A Guide for Using Pain Medication in Recovery
Stephen F. Grinstead& Sheila Thares
For someone recovering from chemical dependency the use of mood altering prescription medication can often lead to relapse. The primary goal of this pamphlet is for you to learn how to develop a plan that will prevent sabotaging an effective recovery program, while at the same time avoiding other addiction problems or a destructive pattern of relapse, (i.e., ineffective pain management and/or abuse of your pain medication).
This pamphlet is a result of many years of study, researching literature on outcome based treatment, and personal experience. It is designed for people recovering from any chemical dependency who are facing an invasive surgical procedure (medical or dental) that could entail the use of psychoactive medication. It is also intended for others who may not be in recovery, but have some risk factors for dependency and want to avoid becoming chemically dependent. Included in this publication are some strategic action steps that you can take to safely and effectively prepare yourself for an upcoming surgical procedure.
To accomplish these goals you will need to do more than just read this pamphlet. You will need to discuss your responses to each of the guidelines below with another person who can help you sort out the thoughts and feelings that may surface as a result of these exercises. If you don’t have a counselor, you can do this work with the assistance of a self-help group sponsor who is willing to support you through this process. Discussing what you’re learning from this process with another person or a group of people will improve your ability to develop a plan that will prevent relapse.
When a person is in recovery for chemical dependency, whether the substance be prescription drugs, alcohol, marijuana, etc., the risk of relapse is always present. One issue that tends to be especially problematic and a relapse trigger for recovering alcoholics and/or addicts is pain. It is unrealistic to expect that we will never have a medical or dental situation where pain management is needed. In addition, if the person in recovery also suffers from a chronic pain condition, relapse prevention becomes even more crucial. Below are guidelines for people in recovery who want to minimize their risk of relapse.
1. During early recovery postpone non-urgent dental work (except preventative or restorative) and elective surgical procedures requiring mind-altering medications. When you do need to be on medication, make sure that an addiction medicine practitioner/specialist is used for consultation and/or prescribing that medication.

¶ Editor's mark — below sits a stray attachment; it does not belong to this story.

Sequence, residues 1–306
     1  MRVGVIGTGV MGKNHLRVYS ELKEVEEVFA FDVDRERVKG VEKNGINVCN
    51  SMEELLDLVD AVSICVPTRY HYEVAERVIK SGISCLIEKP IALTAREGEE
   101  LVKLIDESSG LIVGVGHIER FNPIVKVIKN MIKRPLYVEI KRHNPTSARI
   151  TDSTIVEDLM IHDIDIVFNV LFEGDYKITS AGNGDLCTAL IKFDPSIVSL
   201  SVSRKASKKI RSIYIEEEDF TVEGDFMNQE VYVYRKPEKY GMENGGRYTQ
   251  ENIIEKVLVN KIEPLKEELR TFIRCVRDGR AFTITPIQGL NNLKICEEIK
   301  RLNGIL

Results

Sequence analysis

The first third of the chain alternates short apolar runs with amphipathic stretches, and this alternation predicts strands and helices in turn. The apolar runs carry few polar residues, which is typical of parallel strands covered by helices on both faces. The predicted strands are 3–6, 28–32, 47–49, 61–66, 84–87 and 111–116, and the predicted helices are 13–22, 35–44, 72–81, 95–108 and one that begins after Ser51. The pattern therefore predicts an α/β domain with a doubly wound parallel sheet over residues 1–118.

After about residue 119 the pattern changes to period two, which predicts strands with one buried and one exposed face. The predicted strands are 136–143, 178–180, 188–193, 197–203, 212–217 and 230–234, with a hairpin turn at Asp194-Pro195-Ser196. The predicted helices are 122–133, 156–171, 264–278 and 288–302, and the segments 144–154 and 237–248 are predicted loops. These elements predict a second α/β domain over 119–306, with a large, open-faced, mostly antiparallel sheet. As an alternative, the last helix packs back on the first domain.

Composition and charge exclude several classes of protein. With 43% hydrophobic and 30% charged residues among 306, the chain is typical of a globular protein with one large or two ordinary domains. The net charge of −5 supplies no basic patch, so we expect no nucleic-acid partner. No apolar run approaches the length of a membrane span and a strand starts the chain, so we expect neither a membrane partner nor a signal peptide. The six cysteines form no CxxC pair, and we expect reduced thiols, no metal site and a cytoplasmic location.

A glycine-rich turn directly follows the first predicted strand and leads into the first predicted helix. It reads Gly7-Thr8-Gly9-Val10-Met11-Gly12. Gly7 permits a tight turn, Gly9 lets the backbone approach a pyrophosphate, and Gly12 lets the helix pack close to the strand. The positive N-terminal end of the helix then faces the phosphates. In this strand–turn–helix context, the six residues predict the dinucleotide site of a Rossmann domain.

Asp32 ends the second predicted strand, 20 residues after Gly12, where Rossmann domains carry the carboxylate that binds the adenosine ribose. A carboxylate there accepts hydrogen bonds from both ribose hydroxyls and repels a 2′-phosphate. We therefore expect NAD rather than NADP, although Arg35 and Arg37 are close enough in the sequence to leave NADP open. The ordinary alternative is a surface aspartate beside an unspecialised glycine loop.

2. If you need to be on medication, have your sponsor, significant other, or an appropriate support person hold and dispense the medication. Keep only a 24-hour supply available (unless this is a chronic condition, then other precautions must be developed).
3. Consult with an addiction medicine practitioner/specialist about using non-addictive medications such as an anti-inflammatory, or other over-the-counter analgesics.
4. Be open to exploring all non-chemical pain management modalities. Some of the more common ones are acupuncture, chiropractic, physical therapy, massage therapy, and hydrotherapy. In addition, identifying and managing uncomfortable emotions may also decrease your pain significantly.
5. Be aware of your stress levels and have a stress management program such as meditation, exercise, relaxation, music, etc. in place. If you lower your stress, you will usually lower your pain as a result.
6. Take personal responsibility to augment your support group meetings in order to decrease isolation as well as urges and cravings.
7. Inform all of your health care providers about being in recovery and be aware of the importance of consulting with an addiction medicine practitioner/specialist in the event that mind-altering medication is needed. There may be times you need to be on medication, but the risk of relapse can be minimized if open communication is maintained between the addiction medicine practitioner/specialist, yourself, and other health care providers.
8. Do not overwork, especially if you are in pain or sick. Add one extra day off to your return to work plan to avoid fatigue and promote healing.
9. Be open and aware of the cross-addiction concept. Decline “helpful” offers to use someone else’s prescriptions. Any psychoactive chemical could trigger a relapse of your addiction because all mood altering drugs enter the limbic system as Dopamine. This explains why non-polyaddicted alcoholics can relapse to alcohol after receiving opiates.
10. As depression is common for people with chronic pain, consider the possibility of taking appropriate antidepressants if needed.
11. Be aware of the importance of proper nutrition and exercise as a vital part of chronic pain recovery. Stretch slowly at first, then structure progressive walking at least once a day, or twice if necessary to complete the designated distance. Increase the distance as you are able. Add strengthening exercises if cleared by your health care provider. Remember, protein assists the healing of injuries, therefore; it is important to create a nutrition plan for tissue repair.
Explore your past beliefs and role models from childhood regarding
pain and pain management. Look for
healthy role models for pain management in recovery.